Another half-hour later, I attended a lunch seminar put on by the Campus Writing and Speaking Program from 12:00-1:00, for which lunch was provided—a delicious ham sandwich from Bear Rock Cafe, which came with BBQ chips and an oatmeal raisin cookie. Here's a description of the seminar:
|The Curse of Knowledge|
This seminar will briefly discuss "the curse of knowledge"—the inability to explain things on a simple level once they have been understood at an advanced level. Examples of techniques that help overcome the curse will be presented, some of which conform to ideas presented in the recent NYT bestseller, "Made to Stick: Why Some Ideas Survive and Others Die," by Chip and Dan Heath.
My main takeaway from this was this mnemonic of "sticky elements":
There was nothing associated with the last s, silly.
I actually received an unexpected professional affirmation in this meeting. The other 10 or so attendees were all professors or teachers of some kind, and the one who sat down next to me, after taking the roster from me said as she was looking for her name, "And you would be..."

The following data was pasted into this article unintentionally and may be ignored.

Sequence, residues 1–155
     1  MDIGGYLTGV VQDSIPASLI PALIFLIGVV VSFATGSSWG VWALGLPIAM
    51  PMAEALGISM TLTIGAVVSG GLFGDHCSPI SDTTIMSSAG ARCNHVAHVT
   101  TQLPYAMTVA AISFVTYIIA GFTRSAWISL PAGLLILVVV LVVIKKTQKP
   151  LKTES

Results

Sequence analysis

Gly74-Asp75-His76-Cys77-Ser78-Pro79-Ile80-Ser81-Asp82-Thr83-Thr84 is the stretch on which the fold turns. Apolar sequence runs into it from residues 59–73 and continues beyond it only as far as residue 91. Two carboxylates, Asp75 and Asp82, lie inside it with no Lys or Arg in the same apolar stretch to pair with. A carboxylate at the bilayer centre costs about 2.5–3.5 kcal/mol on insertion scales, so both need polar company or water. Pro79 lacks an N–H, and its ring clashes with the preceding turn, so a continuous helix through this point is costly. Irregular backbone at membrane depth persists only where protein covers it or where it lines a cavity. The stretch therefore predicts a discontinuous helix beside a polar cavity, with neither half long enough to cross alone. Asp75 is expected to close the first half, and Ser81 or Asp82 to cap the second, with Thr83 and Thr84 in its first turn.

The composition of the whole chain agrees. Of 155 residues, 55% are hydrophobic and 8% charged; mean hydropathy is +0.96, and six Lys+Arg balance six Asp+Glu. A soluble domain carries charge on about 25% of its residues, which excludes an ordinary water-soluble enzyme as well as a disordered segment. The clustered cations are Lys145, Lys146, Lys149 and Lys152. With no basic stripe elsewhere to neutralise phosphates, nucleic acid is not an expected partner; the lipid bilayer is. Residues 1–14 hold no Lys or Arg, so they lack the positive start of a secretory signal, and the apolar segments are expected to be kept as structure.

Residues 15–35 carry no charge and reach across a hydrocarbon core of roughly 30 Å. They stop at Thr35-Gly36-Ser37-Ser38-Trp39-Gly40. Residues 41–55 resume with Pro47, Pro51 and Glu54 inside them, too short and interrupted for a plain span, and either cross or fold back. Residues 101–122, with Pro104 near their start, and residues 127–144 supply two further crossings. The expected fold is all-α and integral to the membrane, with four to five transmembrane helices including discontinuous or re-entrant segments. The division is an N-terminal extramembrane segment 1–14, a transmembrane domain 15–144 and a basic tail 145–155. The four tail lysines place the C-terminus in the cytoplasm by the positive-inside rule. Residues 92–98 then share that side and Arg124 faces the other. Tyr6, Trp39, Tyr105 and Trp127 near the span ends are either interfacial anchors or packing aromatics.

"I'm John Martin," I said.
"Oh. I've enjoyed your postings on the TLTR list. I'm Nancy Fire." Nancy had just defended her dissertation and "passed," so I guess she's now Dr. Nancy Fire.
TLTR stands for Teaching, Learning, and Technology Roundtable, and I'm a member of its listserv, where among other things discussions occur about the use of technology in classroom learning. I'm one of the few non-teachers on that list as well.
I loved these two quotes, which came out before the presentation started, while we were talking over our lunch about (a lot of) kids wanting to do just the bare minimum to get their degrees, and not really caring about taking advantage of such things as "second chances" (to improve a grade on an assignment, for instance).
A professor said he'd heard this quote recently, "Education is one of the few things people are willing to pay for and not receive."
Another person in the room shared that when she asked one student why he didn't really care about getting As, he responded, "Cs get degrees."
I called it an early night tonight, and was in the bed by 9:00, asleep by 10:00.